More than 85 well-preserved dinosaur tracks – made at least seven different species – have been discovered in East Sussex, representing the most diverse and extensive collection of TRACE FOSSILS from the Cretaceous period, found in the UK to date.
Traces have been identified Cambridge University researchers between 2014 and 2018 a year, following periods of coastal erosion along the cliff near Hastings. Many of the tracks – what legal & # 39; iruyutstsa in size from less than 2 cm to more than 60 cm in diameter – are so well preserved that small parts of the skin, scales and claws easily visible.
Traces date back to the era of the Lower Cretaceous, between 145 and 100 million years ago, with prints of herbivores, including Iguanodon. Ankylosaurus, Stegosaurus type, and possible examples of zauropodov group (which included diplodocus and brontosaurs); as well as carnivorous theropods. The results are reported in the journal Paleogeography, paleoclimatology, paleoecology.
Over the past 160 years, there were isolated reports of fossilized dinosaur footprints along the coast of Sussex, but no major new discoveries, they have not been described in the last quarter of the last century and earlier results were much less varied and detailed than those described in this study,
The area around Hastings with & # 39 is one of the richest in the UK dinosaur fossils, including the first known Iguanodon in 1825, and the first confirmed example of a fossilized dinosaur brain tissue in 2016, however, traces of fossils, such as the following, which may help scientists learn more about the composition of the dinosaur community, are less common in this area.
"The whole body of the dinosaur fossils are incredibly rare," said Anthony Shillito,, graduate student at Cambridge Earth Science and first author of the paper. "Usually you get only small pieces that do not tell you much about that dinosaurs may have lived. A collection of tracks, as this will help you to fill in some gaps and make a conclusion about what things dinosaurs lived at the same place at the same time. "
Traces described in this study, which Shillito co-authored with Dr. Neil Davis during the last four winters, when severe storms and storm surges have led to periods of disintegration of sandstone and mudstone rocks were found.
In the Cretaceous, the area where the traces are likely near water were found in the appendix to the tracks, a number of fossilized plants and invertebrates were also detected.
"In order to save tracks, you need the right type of environment," Davis said. "The soil should be" sticky "so that the trace leaves a trail, but not so wet that it will wash off. You need this balance in order to capture and save them. "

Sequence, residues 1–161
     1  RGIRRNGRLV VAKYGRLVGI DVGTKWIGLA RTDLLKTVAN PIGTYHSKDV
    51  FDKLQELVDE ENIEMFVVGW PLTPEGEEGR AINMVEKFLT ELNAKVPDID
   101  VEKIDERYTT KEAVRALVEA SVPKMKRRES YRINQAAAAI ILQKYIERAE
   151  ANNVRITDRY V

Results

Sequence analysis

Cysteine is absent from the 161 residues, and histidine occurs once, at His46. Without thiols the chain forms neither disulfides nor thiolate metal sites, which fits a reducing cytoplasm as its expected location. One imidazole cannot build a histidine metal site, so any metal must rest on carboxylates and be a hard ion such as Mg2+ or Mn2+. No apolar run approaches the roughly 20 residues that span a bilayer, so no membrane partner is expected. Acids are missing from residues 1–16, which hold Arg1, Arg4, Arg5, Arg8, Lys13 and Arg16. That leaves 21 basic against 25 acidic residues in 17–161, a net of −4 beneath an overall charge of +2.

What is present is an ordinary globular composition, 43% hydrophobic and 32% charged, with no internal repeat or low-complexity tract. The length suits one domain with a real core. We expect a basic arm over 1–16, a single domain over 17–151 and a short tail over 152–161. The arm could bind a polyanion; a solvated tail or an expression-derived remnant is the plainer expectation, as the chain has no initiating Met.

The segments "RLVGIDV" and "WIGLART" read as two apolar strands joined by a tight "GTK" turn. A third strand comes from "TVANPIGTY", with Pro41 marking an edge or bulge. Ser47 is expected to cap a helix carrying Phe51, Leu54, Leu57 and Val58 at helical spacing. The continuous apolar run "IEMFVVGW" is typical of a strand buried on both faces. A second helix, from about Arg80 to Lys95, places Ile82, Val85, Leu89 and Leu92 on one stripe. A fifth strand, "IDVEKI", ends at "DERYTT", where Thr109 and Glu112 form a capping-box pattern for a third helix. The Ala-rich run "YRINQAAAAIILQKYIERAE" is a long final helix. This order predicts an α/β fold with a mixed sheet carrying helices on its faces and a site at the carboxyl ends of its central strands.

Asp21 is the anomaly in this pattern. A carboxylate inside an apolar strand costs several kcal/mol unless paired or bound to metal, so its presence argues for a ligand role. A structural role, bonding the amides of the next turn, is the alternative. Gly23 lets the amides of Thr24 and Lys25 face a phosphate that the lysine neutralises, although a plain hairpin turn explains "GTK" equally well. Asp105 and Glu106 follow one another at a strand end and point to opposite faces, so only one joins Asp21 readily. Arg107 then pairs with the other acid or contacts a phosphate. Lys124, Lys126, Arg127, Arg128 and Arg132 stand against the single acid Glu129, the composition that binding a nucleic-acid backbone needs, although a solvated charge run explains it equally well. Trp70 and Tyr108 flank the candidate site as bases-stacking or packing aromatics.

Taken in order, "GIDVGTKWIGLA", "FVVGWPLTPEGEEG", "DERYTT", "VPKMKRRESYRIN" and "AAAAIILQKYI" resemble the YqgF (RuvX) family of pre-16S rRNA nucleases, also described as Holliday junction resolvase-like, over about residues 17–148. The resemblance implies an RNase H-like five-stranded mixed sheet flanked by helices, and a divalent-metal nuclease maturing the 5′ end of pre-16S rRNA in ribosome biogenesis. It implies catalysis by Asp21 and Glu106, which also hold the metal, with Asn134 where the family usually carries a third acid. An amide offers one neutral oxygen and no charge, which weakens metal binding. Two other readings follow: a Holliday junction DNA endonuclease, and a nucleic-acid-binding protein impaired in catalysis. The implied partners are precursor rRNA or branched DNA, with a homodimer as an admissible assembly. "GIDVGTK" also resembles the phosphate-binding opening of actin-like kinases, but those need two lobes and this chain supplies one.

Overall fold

"Just as the great wealth and diversity of these prints, we see quite incredible detail," said Shillito. "You can clearly see the texture of the skin and scales, as well as four-toed claws, which are very rare.
"You can get some idea about what the dinosaurs did their form of prints – by comparing them with what we know about dinosaurs foot from other fossil reveal the important features in common. When you look at the footsteps of the other places, you can begin to pieces, what kinds were key players ".
As part of his research, Shillito, examines how dinosaurs may have affected the river flows. Currently, large animals such as hippos and cows can create small channels by diverting part of the river flow.
"Given the enormous size of many dinosaurs, it is very likely that they will affect the river in this way, but it's hard to find" hot gun ", as most of the tracks would be simply washed away," said Shillito. "However, we see some smaller-scale proof of their influence; in some of the deeper you can see traces of undergrowth plants that grow. We also found evidence of footprints along the banks of river channels, so it is possible that dinosaurs played a role in the creation of these channels ".
It is likely that there are still many traces of dinosaur hidden inside a broken sandstone cliffs of East Sussex, but the construction of sea defenses in the area, to slow or prevent the process of coastal erosion may mean that they remain closed inside the rock.
The study was funded by the Scientific Council of the environment (NERC).